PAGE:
I felt like the progess I made did me no justice. Back to the drawing boards. I remembered a poster for music that Josef Muller Brockman created for Beethoven. How dinamic the circles were arranged made the composition swirl. By keeping this in mind, I drew another quick sketch, hopefully with better luck. By stacking the circles all vertically, I thought I could slide the times and information in the tab spaces. The middle drawing is a direct representation of Brockman's drawing for the concert. Again trouble placing the information. The first digital rendering may look nice, but a few students said it would be important to see the whole ring to help with comparison. Finally looking more closely at my hand rendered sketch, I created the second one with the stair step method I was looking for. I also combined my earlier idea of putting text at the bottom to see the elegance of the shape the steps made. There is a white bar at the bottom because I made the same graphic decision in the magazine spread I am creating in unison with this graphic. This digital render also referenced my flat design of referencing a turntable and a clock.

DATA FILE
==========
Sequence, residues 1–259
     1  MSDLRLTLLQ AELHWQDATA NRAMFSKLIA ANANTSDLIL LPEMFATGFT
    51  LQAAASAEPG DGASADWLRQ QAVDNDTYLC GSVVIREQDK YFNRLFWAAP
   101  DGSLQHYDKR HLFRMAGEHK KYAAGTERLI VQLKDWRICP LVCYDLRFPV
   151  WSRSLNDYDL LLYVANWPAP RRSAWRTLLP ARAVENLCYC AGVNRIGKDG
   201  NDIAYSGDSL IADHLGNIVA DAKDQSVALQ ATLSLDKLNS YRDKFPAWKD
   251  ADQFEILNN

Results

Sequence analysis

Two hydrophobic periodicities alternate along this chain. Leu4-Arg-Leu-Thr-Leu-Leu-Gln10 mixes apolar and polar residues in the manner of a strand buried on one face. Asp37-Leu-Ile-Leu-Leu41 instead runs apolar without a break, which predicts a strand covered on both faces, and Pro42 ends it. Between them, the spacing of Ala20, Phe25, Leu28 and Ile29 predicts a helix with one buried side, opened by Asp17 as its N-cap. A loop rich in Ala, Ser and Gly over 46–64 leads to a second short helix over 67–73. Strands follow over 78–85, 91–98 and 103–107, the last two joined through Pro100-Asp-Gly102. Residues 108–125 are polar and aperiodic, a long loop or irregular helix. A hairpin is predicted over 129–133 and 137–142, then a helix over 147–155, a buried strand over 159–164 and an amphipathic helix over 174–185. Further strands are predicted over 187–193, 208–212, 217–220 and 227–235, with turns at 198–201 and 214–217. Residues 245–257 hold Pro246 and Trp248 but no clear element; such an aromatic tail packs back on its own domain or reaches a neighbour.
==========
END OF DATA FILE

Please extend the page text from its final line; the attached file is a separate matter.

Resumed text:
I wanted to do a little more as well with the 3d render because I wanted to see if I really could make a successful 3d graphic. The bottom image is more true to what I am looking for, with scale and position, I was able to create a space for the bands to sit. I also used my rule set that one segment equals one hour. Although the textual information isn't perfect, it's getting a lot closer to what I'm looking for.

After completing all of these ideas, I feel left behind because, in reality, I haven't created the solution to combining informational text, icon, and image.


Book Cover Series